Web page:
Tied into background is how a character sees the world around them. Like the questions asked of our SPARTAN super-soldier, it’s the sort of thing you can discern from people around you. Who’s in favor of the current state of things in the world? Who wants to see change? Who’s in it for the money? What motivates people, and by extension, your character?

Altruism can surprise people when it emerges. And some people get shocked when they look back on an event and realize how selfish they were. It’s natural for people to veer one way or another from their baseline behavior, but first they need to have a baseline. And the reason it’s called a baseline is that it’s consistent. It will change over time, since static characters are boring, but this is a gradual change, and sudden shifts away from it should not only shock the reader, it should also shock either the character or the people around them. If not both.


Note that outlook and personality are two different things. The way one sees the world is not necessarily how one interacts with it. People who are just in it for the money have to at least put on a facade of tolerance and goodwill from time to time in order to further their goals. The difference between one’s outlook and their personality can be a matter of inches or of miles. It depends on the character.

Sometimes these can move closer together, as the hard-bitten out-for-themselves mercenary starts to care about the people she’s thrown in with, or the kindly priest becomes gradually disillusioned with the church and, by extension, the people he’s been nice to for years. These are exciting, interesting changes that can and should be chronicled. It can make a story with very little action, suspense, gore or sex jump off the page and make room for itself in the reader’s imagination. Which is what writing fiction’s all about, right?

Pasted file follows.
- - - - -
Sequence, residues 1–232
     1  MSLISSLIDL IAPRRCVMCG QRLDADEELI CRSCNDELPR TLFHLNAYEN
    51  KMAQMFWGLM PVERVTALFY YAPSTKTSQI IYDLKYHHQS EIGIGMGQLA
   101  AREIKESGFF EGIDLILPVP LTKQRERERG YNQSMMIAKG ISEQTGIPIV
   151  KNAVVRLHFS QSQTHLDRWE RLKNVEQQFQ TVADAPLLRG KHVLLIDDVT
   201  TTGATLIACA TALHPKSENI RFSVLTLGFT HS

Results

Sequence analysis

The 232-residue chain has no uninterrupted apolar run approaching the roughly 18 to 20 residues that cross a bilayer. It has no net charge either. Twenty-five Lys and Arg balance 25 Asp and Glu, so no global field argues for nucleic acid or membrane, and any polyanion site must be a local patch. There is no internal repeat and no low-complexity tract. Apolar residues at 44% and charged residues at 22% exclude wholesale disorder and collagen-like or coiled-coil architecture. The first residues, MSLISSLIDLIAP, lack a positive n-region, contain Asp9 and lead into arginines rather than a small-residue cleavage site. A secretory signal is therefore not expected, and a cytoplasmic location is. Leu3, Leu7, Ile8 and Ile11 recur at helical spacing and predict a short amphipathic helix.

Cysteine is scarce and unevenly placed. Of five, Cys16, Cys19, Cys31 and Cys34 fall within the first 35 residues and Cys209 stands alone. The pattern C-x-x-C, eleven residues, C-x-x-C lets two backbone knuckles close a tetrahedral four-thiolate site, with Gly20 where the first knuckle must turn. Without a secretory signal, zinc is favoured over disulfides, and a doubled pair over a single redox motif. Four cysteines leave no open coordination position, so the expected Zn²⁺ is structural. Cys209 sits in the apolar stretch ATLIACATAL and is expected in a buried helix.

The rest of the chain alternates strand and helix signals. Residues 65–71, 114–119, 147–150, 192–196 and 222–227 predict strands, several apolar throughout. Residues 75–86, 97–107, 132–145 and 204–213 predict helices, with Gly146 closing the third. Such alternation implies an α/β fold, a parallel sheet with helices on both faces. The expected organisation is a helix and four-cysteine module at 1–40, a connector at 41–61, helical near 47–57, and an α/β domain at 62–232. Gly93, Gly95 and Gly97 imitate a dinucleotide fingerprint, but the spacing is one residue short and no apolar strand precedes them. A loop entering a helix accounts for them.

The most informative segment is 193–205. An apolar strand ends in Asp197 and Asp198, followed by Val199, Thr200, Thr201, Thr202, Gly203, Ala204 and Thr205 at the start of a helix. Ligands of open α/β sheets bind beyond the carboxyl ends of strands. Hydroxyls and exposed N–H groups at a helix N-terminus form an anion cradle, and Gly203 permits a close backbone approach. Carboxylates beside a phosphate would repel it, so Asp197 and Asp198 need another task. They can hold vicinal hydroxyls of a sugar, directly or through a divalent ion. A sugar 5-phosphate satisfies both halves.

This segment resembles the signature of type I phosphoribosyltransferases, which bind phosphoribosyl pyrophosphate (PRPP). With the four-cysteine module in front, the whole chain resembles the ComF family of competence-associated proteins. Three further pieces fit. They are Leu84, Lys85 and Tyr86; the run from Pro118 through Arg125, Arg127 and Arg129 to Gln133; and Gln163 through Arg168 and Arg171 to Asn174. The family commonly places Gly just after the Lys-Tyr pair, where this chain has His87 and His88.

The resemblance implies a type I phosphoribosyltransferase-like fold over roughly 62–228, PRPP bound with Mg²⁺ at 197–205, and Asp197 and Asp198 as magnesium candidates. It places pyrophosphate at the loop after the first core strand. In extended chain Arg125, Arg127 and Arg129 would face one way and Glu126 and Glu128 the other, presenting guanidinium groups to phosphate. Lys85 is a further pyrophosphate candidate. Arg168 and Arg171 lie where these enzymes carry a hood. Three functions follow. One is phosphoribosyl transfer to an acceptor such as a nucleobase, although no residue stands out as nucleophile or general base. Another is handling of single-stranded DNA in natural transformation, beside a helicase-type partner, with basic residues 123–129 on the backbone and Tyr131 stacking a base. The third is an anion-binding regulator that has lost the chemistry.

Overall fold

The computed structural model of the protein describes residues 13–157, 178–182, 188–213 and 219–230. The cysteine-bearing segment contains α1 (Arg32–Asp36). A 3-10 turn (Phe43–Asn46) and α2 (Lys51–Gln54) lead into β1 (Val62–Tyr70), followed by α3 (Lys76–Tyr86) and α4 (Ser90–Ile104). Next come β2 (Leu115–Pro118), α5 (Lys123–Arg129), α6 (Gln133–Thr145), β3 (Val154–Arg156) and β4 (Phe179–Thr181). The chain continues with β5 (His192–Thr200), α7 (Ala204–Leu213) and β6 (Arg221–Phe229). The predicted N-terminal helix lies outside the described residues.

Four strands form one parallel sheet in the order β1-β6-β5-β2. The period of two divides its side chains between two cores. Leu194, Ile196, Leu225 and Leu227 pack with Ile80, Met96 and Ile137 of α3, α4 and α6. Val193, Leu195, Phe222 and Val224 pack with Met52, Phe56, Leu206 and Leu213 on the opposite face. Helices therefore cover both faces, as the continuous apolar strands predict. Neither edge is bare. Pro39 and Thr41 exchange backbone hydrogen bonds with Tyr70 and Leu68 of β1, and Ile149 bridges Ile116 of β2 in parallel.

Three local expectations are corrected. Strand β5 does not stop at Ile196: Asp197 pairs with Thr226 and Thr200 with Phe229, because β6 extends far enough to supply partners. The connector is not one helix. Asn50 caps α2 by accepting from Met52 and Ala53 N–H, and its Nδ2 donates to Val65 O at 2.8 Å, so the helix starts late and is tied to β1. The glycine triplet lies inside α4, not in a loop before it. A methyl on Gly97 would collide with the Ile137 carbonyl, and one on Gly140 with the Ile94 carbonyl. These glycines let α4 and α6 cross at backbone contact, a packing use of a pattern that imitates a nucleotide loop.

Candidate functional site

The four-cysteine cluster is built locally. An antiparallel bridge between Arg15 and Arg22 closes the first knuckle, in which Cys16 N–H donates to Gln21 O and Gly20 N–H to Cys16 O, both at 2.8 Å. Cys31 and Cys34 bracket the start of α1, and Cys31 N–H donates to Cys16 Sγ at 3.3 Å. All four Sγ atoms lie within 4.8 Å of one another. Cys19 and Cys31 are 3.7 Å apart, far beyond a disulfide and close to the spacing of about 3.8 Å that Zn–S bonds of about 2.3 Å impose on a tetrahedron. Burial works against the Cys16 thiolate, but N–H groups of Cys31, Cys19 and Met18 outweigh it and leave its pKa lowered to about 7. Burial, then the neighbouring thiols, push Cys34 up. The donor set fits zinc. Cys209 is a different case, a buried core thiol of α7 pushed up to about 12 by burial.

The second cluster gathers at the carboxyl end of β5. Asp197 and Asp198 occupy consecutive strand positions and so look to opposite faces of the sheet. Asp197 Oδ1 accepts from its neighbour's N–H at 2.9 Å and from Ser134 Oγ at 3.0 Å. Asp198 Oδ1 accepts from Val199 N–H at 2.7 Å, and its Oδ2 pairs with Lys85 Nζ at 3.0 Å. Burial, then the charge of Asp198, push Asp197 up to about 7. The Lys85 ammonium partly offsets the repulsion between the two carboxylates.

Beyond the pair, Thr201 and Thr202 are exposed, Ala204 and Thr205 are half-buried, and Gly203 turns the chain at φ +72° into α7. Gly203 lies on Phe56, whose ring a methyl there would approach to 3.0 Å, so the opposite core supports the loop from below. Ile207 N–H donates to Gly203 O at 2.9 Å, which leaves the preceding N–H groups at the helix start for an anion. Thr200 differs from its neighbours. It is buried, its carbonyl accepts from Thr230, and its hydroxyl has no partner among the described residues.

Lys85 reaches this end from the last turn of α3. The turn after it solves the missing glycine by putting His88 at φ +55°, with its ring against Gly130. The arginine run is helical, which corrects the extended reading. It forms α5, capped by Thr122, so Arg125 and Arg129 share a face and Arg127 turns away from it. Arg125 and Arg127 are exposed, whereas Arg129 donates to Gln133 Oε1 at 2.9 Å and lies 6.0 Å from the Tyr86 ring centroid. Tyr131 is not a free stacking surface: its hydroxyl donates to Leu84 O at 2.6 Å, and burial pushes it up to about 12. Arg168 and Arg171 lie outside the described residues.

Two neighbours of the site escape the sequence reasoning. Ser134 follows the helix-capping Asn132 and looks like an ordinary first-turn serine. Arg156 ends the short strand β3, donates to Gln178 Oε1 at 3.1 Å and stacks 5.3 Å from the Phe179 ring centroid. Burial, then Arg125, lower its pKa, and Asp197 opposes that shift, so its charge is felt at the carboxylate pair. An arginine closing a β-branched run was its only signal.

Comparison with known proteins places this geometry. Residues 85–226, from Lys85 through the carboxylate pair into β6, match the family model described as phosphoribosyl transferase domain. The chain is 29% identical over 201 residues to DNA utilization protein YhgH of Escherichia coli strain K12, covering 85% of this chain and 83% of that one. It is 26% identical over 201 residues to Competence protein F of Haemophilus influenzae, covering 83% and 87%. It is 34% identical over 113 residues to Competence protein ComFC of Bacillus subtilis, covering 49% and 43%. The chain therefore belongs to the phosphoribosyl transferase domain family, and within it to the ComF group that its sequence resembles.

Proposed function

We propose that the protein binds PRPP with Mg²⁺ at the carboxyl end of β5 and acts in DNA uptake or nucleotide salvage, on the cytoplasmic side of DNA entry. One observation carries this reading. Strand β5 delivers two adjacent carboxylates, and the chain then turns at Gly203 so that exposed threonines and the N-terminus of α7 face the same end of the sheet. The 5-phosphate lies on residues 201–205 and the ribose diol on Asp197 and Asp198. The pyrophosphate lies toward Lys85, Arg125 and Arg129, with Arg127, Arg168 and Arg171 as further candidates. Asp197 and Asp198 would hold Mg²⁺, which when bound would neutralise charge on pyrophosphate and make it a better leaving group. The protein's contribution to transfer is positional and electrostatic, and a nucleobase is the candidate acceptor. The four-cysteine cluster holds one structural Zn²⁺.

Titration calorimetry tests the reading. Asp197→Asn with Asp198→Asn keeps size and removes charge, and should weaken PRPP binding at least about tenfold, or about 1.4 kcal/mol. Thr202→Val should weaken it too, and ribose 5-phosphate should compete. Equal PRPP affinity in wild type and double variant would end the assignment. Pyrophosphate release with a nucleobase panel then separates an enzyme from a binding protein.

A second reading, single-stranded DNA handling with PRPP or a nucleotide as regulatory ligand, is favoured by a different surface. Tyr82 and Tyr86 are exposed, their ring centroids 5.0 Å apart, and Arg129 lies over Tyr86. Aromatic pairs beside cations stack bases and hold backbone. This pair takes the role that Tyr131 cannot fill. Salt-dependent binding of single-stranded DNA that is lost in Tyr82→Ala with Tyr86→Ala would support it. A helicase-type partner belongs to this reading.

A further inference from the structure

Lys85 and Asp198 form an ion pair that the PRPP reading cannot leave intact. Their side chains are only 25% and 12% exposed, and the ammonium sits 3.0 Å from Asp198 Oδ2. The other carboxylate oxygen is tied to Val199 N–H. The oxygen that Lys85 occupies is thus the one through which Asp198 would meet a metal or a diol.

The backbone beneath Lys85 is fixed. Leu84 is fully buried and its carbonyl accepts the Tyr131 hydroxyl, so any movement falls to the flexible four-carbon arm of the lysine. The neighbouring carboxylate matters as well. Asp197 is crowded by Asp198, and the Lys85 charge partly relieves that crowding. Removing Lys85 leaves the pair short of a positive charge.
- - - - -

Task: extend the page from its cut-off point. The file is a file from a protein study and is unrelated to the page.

How do you distinguish your characters? How will you do so in the future?

PT: Unplug, Dammit

Gunnery Sgt. Hartmann

I know SEPTA’s got issues. A little inclement weather throws entire train lines out of whack. Engineers desperate to keep on schedule will leave the platform a minute early. Buses plow into eateries. No system is perfect. But I relish my train rides. I don’t pollute, I don’t get bent out of shape over traffic and the jerkasses that come with it, and most importantly of all, I’m unplugged.

I take no laptop, no netbook, no glitzy overpriced unmodifiable gizmo with a lowercase “i” in front of its name. …Okay, I have an iShuffle, an old one in fact, but pipe down I’m making a point. The point is, I have a binder with fiction work in it, be it my manuscript or blank pages to fill with a shorter work, and I take my pen to it. I scribble out thoughts. I frame dialog and action in ball-point gel ink. I write.